Solving recurrence relation: What am I missing in my working?

Apologies for the uninformative title, this is a relatively specific question so it was hard to title.

I'm solving the following recurrence relation:

$a_{n} + a_{n-1} - 6a_{n-2} = 0$
With initial conditions $a_{0} = 3$ and $a_{1} = 1$

And I have it mostly figured out except for the very last part.

My working:

We have characteristic equation $s^2 + s - 6 = 0$ This factorises to $(s+3)(s-2)$
Hence we have roots $s=-3$ and $s=2$

and hence the solution has the form $a_{n} = -x3^n + y2^n$

We sub in the initial conditions:

$a_{0} = x + y = 3$
$a_{1} = -3x+2y = 1$

And solving this system we have solutions:
$x = 1$ and $y = 2$

Hence subbing this back to what we work out to be the general form of the solution:

$a_{n} = (-1)3^n + (2)2^n$
$a_{n} = (-3)^n + (4)^n$ Correct?

But it is incorrect, the correct solution is:

$a_{n} = (-3)^n + 2^{n+1}$

I don't understand where the $2^{n+1}$ came from. What am I missing here?

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You can't multiply expressions with exponents like that. $2\times (2^n)$ is equal to $2^{n+1}$, not $$4^n=\underbrace{4\times\cdots\times 4}_{n\text{ times}}=\underbrace{(2\times 2)\times\cdots\times (2\times 2)}_{n\text{ times}}=\underbrace{2\times\cdots\times 2}_{2n\text{ times}}=2^{2n}.$$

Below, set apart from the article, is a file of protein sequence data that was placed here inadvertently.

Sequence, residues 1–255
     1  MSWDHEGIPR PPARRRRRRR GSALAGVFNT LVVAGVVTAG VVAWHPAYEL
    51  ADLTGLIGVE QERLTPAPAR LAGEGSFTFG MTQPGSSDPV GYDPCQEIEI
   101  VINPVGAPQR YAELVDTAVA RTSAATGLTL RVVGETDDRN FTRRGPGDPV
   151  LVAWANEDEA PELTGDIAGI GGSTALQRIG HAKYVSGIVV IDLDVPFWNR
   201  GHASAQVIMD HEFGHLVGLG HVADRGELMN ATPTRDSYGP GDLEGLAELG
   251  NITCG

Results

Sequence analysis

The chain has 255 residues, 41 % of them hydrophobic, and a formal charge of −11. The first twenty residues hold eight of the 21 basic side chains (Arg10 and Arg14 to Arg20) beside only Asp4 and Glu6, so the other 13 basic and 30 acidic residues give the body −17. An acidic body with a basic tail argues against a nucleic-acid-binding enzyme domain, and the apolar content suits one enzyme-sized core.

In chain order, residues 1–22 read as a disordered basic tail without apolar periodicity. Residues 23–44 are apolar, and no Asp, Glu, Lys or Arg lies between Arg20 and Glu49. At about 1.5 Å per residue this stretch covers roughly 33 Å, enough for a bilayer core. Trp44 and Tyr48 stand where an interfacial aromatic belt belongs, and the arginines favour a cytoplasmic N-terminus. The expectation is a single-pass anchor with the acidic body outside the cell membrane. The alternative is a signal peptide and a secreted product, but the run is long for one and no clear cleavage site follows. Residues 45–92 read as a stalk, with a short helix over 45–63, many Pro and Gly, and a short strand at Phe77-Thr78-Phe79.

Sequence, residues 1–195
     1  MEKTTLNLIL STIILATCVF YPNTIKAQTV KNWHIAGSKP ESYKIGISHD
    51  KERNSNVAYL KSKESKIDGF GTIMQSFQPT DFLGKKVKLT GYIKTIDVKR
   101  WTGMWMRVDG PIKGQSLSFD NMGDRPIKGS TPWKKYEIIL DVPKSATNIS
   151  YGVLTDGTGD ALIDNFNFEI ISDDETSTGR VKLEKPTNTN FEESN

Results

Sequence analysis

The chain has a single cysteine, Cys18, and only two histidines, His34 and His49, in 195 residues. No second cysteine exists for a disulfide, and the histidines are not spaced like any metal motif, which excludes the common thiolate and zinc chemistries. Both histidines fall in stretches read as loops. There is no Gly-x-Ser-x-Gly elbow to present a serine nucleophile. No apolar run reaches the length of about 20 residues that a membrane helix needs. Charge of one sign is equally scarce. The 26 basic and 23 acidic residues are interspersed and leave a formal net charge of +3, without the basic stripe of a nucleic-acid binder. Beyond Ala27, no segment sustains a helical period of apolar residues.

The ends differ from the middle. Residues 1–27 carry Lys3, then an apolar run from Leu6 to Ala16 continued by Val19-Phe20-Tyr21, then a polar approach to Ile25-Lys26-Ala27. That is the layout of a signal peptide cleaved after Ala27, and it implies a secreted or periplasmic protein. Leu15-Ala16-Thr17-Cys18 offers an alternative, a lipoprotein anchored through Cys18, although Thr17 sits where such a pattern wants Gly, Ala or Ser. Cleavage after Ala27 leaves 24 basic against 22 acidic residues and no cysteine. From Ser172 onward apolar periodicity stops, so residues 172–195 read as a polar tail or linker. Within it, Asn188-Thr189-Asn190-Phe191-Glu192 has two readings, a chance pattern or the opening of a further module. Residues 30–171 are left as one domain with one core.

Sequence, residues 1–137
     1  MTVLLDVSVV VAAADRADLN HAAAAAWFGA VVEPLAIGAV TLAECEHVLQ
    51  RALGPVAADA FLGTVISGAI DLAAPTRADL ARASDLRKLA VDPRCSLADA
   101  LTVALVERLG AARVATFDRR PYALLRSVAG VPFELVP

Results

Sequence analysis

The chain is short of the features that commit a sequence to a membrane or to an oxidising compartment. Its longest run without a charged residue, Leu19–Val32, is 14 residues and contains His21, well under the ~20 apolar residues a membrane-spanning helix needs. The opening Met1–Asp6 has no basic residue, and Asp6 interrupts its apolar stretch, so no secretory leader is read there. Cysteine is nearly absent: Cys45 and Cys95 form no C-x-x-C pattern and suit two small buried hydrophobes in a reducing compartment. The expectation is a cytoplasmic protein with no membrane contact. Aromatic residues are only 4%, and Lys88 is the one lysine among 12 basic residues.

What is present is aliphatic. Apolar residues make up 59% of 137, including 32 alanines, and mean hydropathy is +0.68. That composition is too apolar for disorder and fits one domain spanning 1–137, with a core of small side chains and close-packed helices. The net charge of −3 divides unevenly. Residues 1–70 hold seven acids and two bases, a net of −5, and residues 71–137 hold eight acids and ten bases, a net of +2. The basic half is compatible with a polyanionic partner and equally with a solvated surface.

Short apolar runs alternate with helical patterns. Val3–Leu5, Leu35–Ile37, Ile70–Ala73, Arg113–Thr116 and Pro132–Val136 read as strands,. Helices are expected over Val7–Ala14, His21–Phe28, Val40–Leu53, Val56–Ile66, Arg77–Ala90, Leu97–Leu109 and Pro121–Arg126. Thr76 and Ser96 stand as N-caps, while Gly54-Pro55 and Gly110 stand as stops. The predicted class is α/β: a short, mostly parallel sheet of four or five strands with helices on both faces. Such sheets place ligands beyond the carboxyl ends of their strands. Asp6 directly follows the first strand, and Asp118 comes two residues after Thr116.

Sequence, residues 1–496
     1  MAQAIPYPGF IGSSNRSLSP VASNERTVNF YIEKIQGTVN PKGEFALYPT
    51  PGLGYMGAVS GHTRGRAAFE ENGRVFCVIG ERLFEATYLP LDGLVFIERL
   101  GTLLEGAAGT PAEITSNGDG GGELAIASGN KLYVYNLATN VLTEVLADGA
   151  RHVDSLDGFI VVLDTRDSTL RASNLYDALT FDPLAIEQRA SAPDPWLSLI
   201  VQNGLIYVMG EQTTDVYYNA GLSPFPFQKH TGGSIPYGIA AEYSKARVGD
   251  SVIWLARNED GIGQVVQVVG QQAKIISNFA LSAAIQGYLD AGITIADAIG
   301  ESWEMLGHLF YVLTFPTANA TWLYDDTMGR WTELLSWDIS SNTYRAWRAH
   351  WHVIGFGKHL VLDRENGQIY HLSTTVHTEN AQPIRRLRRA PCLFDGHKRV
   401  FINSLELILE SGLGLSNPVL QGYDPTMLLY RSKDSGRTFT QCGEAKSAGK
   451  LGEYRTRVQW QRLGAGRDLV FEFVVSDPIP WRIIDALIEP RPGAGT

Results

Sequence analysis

Also, the general solution is $$a_n=x(-3)^n+y2^n,$$ which is not the same as $-x3^n+y2^n$, which is what you wrote in the question. It so happens that since $x$ is 1, this discrepancy did not cause a problem, but you should be aware of the issue in general.

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It was supposed to be $1 \times (-3)^n$ in the first place, not $(-1) \times 3^n$. (Ah, you edited. My point still applies to the original post though.) – anon Jun 19 '11 at 5:56
oh god, yes, of course it's not $4^n$. Completely forgotten about index laws. thanks – Arvin Jun 19 '11 at 6:00
@Arvin: No problem. Also, I edited again, since there was still an issue with the 3 part I wanted to mention. – Zev Chonoles Jun 19 '11 at 6:03
The discrepancy was just pure carelessness on my part (yet another one) Thanks for pointing it out, I'll watch out for them from now on :) – Arvin Jun 19 '11 at 6:05

$(2)2^n$ is equal to $2^{n+1}$, not to $4^n$.

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